A number of US response teams operating in Florida during this month’s Hurricane Michael, a Category 4 storm that wreaked havoc with 155mph winds and claimed the lives of 36 people across four states, partnered with Israeli-founded drone and augmented reality startup Edgybees for critical situational awareness during rescue missions throughout the 10-day ordeal.
The California-based Edgybees, which developed a real-time platform that relays vital information over video captured by drones to help lead rescue efforts in natural disasters and public safety incidents, says it communicated closely with affected clients in the lead-up to the hurricane to make sure its solutions could be deployed speedily after the storm hit the Florida Panhandle earlier this month.
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Combining 3D mapping, data, and live video from UAVs and other aerial platforms, the company’s technology and services are already being used across the US by first responders, search-and-rescue teams, police and fire departments, and even US telecommunications services to comb through damage, including in the aftermaths of hurricanes.
“Before a hurricane is about to hit and a number of departments are preparing for rescue efforts in various parts of the country, our customers come to us wanting to download the software for their flying drone, helicopter, plane,” CEO Adam Scott Kaplan tells NoCamels. After the software is downloaded, he explains, the emergency personnel on the scene can transfer the information from the drone to a smartphone, tablet, or to the command center, giving the search-and-rescue team the ability to cooperate with those departments for rescue missions.
“When you’re in a situation like a hurricane, there are a lot of places you cannot get to. You need to fly a drone to get awareness of what is going on there,” Kaplan explained, “What is the situation? Are there people there? What is the damage? Our software provides ‘situational awareness’ for those kinds of circumstances,” Kaplan said.
During Hurricane Michael, response teams in Florida’s Alachua Country Fire Rescue, and Missouri’s Task Force 1, deployed to help rescue efforts in the area, all used Edgybees’ software solution for rescue and damage assessment efforts.
Some of the information overlaid by the AR tech on video was used by Verizon Wireless telecommunications services in the area to help find damaged electronic infrastructure, so teams could fix damaged cell phone towers and re-establish communication between networks in the area, Kaplan also said. By October 17, a majority of the service had been restored in areas most impacted by the storm, Verizon Wireless President Ronan Dunne tweeted, writing that network operations continued “to improve.”
The startup founder, who described Edgybees tech to “Waze up in the air,” says the maps provided by the software has been used by emergency response teams during Hurricane Irma last year to locate people who were stranded near washed out bridges, to pinpoint destruction during Hurricane Florence last month, and by over 15,000 firefighters during the Northern California wildfires last October.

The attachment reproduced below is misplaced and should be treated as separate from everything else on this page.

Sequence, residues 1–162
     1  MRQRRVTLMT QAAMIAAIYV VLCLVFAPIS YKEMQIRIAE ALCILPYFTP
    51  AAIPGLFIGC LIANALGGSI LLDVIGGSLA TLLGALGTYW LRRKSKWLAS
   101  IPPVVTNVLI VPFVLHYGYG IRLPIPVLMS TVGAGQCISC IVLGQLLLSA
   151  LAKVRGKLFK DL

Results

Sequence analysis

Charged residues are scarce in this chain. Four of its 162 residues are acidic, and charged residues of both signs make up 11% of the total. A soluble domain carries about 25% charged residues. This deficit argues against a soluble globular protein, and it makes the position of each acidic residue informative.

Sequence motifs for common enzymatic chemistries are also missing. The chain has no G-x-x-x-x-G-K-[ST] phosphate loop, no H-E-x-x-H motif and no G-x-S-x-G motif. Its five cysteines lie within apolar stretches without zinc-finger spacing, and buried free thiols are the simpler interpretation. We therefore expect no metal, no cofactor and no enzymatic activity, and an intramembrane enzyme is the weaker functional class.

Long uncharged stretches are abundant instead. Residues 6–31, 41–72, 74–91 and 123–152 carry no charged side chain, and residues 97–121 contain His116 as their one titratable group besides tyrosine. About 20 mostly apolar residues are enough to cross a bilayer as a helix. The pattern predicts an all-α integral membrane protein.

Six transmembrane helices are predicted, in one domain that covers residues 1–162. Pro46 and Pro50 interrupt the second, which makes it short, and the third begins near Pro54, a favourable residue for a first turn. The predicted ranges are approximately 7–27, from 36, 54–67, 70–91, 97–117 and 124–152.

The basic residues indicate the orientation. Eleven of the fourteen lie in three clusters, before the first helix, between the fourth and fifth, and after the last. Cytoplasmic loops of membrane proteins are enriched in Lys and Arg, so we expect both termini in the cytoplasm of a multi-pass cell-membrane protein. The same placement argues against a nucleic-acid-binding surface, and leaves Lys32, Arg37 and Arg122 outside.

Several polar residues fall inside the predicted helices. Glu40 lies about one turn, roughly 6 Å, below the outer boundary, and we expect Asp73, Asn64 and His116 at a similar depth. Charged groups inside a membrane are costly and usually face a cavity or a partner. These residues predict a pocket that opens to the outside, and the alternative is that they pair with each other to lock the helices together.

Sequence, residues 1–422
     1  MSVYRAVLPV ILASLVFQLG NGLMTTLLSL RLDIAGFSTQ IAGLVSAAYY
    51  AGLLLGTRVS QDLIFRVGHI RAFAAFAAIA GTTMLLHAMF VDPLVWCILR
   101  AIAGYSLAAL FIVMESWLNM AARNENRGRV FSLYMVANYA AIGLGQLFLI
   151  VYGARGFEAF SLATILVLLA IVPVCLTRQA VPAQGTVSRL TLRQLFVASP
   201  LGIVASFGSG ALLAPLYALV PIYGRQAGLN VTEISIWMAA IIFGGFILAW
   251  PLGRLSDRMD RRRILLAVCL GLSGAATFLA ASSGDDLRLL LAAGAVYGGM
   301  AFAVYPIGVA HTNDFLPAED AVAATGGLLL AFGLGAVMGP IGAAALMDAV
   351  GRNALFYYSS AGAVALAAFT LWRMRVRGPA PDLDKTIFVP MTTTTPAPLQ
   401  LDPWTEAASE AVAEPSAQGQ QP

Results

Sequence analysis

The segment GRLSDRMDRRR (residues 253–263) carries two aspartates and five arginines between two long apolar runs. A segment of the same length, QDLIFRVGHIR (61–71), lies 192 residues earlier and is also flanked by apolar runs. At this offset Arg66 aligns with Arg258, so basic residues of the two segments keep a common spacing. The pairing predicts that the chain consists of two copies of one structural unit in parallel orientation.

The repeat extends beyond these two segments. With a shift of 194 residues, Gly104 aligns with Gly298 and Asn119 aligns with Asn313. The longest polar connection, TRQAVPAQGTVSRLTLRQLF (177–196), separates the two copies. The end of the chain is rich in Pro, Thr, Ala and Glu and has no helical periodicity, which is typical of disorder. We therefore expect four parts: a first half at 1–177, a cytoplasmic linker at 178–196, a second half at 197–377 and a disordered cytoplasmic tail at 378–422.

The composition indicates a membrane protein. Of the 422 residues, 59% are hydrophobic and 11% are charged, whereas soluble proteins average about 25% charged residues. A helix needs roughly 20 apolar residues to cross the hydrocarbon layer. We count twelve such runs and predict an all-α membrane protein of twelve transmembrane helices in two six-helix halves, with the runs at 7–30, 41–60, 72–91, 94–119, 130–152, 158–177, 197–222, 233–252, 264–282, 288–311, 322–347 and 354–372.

From drone racing to drone search-and-rescue
Edgybees first began as a drone racing game devised after a spell of boredom in 2016, Kaplan told NoCamels in March. The former co-founder of Tonian Systems and an executive for companies like Xennex and Digital Guardian was introduced to drones by pal Menashe Haskin, a graduate of the IDF Intelligence Corps Unit 8200 who had also managed the development of Amazon Prime Air. Together with robotics and drone expert Nitay Megides, they collaborated with Da-Jiang Innovations (DJI), a Chinese drone company, and by 2017 released First Response, a drone-flying app helping to direct and orient responders in emergency situations and disaster zones.
The responders already had the drones, but Edgybees tech provide the real-time mapping solution that would help them identify important information like the location of victims, distress signals and points of interest.
The company raised $5.5 million in a seed funding round led by Our Crowd in February 2018, with participation from the venture capital arm of Motorola Solutions, a firm Edgybees Kaplan refers to as “the biggest company in public safety”, Verizon Ventures, 8VC, NFX, and Aspect Ventures.
Since the expansion of its software to help emergency workers, the company has grown in both its Palo Alto headquarters and its Israel office in Beit Herut, where team members regularly test the company’s innovative AR technology software on various types of drones.
Kaplan told i24NEWS he wants Edgybees to be a solution people can use “wherever you have data that you can visualize very accurately – this is in the public safety space, in helping people to make a positive impact or in sports or defense and also in the automotive.”
“The plan is to expand our real-time augmented reality (AR) technology to additional verticals including defense, smart cities, automotive, and broadcast media, not to mention CCTV and body cameras. We are also expanding the depth and breadth of the platform to allow millions of developers to build on top of our platform,” Kaplan told Verizon Ventures in March when asked what the future holds for the company.
Video of damage during Hurricane Michael provided by AFP news agency.